SALT LAKE CITY (AP) — A judge dismissed pay-to-play charges against former Utah Attorney General Mark Shurtleff Wednesday, ending a high-profile case that landed soon after he wrapped up 12 years as the state’s top lawman.
Judge Elizabeth Hruby-Mills granted the prosecution’s motion to dismiss seven charges Shurtleff faced, including obstructing justice and accepting improper gifts such as beach vacations from businessmen in trouble with regulators.
Davis County Attorney Troy Rawlings moved to drop the charges earlier this month, citing the recent U.S. Supreme Court decision overturning the bribery conviction of a former Virginia governor narrowed what could be charged in influence-peddling cases.
Rawlings, a Republican, also said federal investigators stopped cooperating with the prosecution of Shurtleff and did not hand over evidence from past federal investigations. Rawlings said he had to drop the case because it would violate a constitutional right to a speedy trial.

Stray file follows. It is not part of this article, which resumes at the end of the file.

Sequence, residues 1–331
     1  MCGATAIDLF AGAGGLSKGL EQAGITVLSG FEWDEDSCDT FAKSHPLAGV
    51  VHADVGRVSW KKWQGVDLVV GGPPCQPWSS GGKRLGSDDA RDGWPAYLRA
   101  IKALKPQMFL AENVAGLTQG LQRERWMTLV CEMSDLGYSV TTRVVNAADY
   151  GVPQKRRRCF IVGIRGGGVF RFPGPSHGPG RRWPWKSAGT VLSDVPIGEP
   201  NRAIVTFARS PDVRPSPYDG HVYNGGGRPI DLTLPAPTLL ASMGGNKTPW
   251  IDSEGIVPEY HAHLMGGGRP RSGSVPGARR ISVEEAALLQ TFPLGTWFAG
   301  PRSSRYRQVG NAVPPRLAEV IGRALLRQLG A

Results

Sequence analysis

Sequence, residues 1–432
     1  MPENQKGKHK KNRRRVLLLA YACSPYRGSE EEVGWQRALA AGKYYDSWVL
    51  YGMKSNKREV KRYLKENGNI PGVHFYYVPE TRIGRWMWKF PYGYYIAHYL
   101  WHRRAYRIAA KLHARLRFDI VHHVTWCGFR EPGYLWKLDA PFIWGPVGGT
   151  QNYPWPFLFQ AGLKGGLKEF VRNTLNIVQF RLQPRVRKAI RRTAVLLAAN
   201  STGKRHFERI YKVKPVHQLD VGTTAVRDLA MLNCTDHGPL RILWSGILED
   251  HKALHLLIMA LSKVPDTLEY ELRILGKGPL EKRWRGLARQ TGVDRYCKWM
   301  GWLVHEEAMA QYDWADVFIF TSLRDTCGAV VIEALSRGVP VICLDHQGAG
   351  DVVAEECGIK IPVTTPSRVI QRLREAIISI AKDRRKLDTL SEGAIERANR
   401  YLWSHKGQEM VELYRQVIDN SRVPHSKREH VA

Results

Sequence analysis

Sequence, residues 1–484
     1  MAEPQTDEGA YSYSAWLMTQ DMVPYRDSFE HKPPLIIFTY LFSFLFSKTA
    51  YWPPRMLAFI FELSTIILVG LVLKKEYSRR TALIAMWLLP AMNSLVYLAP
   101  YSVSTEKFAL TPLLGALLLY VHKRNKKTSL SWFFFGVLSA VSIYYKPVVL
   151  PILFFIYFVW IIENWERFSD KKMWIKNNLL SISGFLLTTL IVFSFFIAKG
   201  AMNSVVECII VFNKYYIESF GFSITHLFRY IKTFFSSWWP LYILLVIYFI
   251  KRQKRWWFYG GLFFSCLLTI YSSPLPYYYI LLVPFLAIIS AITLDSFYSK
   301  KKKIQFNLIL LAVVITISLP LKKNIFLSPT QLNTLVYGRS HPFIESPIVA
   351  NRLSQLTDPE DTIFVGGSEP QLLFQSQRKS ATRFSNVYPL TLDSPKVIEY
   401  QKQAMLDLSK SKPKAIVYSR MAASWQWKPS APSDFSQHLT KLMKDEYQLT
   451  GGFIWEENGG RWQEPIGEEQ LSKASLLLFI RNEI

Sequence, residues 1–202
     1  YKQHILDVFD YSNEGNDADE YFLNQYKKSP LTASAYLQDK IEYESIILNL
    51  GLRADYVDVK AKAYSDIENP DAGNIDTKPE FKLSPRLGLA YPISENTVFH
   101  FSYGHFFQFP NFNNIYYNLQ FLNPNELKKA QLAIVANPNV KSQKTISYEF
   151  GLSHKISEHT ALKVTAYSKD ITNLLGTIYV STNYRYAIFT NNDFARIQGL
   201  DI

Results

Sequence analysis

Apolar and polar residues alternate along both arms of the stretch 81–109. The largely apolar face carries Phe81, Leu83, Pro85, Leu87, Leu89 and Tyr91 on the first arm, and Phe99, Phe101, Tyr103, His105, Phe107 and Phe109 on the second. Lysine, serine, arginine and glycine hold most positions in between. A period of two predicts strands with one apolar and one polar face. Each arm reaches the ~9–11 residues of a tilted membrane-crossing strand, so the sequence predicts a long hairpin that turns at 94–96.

Wednesday’s dismissal was granted without prejudice, meaning the case could be filed again.
Shurtleff, a Republican, left office in early 2013 after he decided not to run for office again. In the summer of 2014, he and successor John Swallow were arrested in a joint investigation. Prosecutors said Shurtleff and Swallow accepted money and gifts such as luxury California beach vacations from a cast of questionable Utah businessmen in exchange for protection from regulators.
The U.S. Department of Justice investigated both men for bribery and other crimes but closed the case in 2013 without filing any charges. FBI investigators stayed on the case to help two Utah county attorneys who filed their own cases.
Salt Lake County District Attorney Sim Gill, a Democrat, says his case against Swallow remains unchanged.
Swallow still faces 13 charges of bribery and other crimes. He has pleaded not guilty and his attorney has asked for the case to be thrown out.
A judge has not yet ruled on the request.